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Friday, December 9, 2016

Harbor light (and the answer to the mystery!)


Light on Bodega Harbor, 9 December 2016


P.S.  If you're wondering about last night's mystery flower (to review it, click here) the answer is...Dichondra donelliana!  It might have been challenging to identify because the flowers of this species are inconspicuous; sometimes they're even found underground!  Dichondra is a low-growing plant in the morning glory family.  I'll address it more fully in a future post, but for now I thought you'd like to know the answer!
 

Thursday, December 8, 2016

Mystery flower


I ran out of time tonight, but here's a mystery for you — a local but not-commonly-seen flower.  This one was photographed in the Bodega Dunes in March 2010.  I'll reveal the answer tomorrow!

Wednesday, December 7, 2016

Time to go


Shorebirds in Bodega Harbor on 7 December 2016, flushing in response to a falcon overhead.

Click on the picture for a larger version.  Look for Sanderlings, Dunlin, and Least Sandpipers in the foreground.  Marbled Godwits and Willets are blurred in the background.
 

Tuesday, December 6, 2016

Hovering over Bodega Head


Just a few quick pictures of the Rough-legged Hawk (Buteo lagopus) that's been seen on Bodega Head for the past two weeks.  I caught up with it briefly today along the Overlook Trail (near the top of Owl Canyon and the Horseshoe Cove Overlook).

Rough-legged Hawks nest in arctic and subarctic Alaska and Canada, then winter in southern Canada and the northern U.S.  They're relatively rare winter visitors to Sonoma County.  The status of Rough-legged Hawks in this area is described as "irregular", i.e., the number of individuals that show up in any given year varies a lot — from none, to a few, to many.  [This is the first one I've seen on Bodega Head.]

This individual is a "light morph" note the very pale coloration on the head and chest (and the contrasting dark band across the belly).



Rough-legged Hawks are known for having a large amount of white at the base of the tail:



And this individual also had a striking amount of white at the base of the primaries (outermost flight feathers), creating large pale patches when viewed from above.  Here are two more examples of the wing and tail patterns:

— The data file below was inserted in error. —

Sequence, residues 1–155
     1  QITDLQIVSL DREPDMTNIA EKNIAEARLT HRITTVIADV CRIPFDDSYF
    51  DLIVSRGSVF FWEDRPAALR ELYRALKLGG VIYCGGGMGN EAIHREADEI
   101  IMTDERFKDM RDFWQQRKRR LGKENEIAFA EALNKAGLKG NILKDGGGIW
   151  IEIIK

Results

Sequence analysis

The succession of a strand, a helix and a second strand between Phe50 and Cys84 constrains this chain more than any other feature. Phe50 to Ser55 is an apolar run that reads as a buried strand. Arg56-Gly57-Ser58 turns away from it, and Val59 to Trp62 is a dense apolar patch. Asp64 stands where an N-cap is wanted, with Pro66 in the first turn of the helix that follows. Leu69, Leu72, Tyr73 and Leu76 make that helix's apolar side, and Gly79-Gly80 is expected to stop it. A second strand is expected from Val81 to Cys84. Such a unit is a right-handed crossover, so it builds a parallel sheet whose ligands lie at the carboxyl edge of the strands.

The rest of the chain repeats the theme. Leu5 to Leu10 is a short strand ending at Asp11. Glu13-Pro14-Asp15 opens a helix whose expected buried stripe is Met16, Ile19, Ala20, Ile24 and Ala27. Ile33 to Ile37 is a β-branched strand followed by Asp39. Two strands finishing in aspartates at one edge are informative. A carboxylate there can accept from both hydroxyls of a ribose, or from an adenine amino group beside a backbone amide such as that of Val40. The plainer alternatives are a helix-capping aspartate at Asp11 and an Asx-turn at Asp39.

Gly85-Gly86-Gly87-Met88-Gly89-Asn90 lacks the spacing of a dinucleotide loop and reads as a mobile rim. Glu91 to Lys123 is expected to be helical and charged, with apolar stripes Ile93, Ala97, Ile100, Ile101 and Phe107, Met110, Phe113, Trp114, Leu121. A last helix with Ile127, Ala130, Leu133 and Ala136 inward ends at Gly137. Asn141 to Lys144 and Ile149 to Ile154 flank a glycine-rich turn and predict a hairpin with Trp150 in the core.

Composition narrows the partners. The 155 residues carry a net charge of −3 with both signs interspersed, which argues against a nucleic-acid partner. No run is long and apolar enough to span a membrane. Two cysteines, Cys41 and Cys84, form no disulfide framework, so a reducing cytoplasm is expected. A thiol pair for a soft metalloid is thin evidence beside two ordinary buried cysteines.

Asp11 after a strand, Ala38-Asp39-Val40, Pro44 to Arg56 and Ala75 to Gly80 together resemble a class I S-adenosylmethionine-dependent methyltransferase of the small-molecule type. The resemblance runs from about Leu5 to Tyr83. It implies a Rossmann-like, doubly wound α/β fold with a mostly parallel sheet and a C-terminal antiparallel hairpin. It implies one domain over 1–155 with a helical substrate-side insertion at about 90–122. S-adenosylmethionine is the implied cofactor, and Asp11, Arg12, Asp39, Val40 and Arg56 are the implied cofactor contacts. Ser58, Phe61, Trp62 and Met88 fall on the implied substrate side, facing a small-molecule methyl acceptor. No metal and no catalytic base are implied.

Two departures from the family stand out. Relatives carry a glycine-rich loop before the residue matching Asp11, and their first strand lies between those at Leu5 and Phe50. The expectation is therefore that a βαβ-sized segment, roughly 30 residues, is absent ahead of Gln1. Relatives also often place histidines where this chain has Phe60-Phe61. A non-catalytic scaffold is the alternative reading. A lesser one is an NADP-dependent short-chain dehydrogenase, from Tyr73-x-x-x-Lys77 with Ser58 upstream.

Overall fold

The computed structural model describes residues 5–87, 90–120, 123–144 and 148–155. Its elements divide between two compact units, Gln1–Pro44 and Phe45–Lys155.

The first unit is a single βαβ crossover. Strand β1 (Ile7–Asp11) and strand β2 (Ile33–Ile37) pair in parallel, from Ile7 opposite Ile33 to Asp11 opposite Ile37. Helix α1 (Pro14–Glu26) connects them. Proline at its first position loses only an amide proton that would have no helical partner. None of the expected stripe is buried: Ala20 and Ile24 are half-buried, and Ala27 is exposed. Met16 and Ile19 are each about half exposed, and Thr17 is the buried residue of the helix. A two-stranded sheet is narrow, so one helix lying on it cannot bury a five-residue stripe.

Rough-legged Hawks often hover while hunting for small mammals (e.g., mice or voles).  I was struck by a view of this Rough-legged Hawk hovering over Bodega Head, with the Pacific Ocean as a backdrop:



This has been a banner year for small mammals on Bodega Head.  It's been a great time for viewing raptors!
 

Monday, December 5, 2016

Hola, HOLA!


Well, these are very "grainy" shots...it was getting dark when we were walking tonight (5 December 2016).  But this is only the second time I've seen a Horned Lark (Eremophila alpestris) on Salmon Creek Beach (during the past twelve years), so it seemed worth sharing some photos for the record.

Here's a view from the side.  In the first photo and the next one, note the yellowish face and throat; the dark facial markings; the black "necklace"; and pale underparts.



This individual showed quite a bit of russet coloration on the nape (neck) and some of the wing feathers:
 



The next photo is just fun.  It shows the more golden color above the bill (between the eyes) relative to the pale yellow on the throat and sides of the face.  [The Horned Lark is actively foraging among washed up eelgrass (Zostera marina).]
 

Parmeter and Wight (2010) write that Horned Larks have become scarce in Sonoma County. (I haven't heard thoughts about the reason(s) for this decline.  If you know more about local changes in Horned Lark populations, it would be interesting to hear more.)  It would be nice if this one decided to stay around for a while!

P.S.  The title of this post is a play on the 4-letter code for Horned Larkusing the first two letters from each word.

Sunday, December 4, 2016

In the sun

Have you heard that it might get chilly this week?  Night-time and early morning temperatures might dip into the 30s (°F), even at the coast.

A few days ago, on 1 December 2016, I noticed a few Monarchs basking in the sun and nectaring.

Here's one perched high in a Myoporum:


Stay warm!  :)
 

Friday, December 2, 2016

Looking west


Looking west, 2 December 2016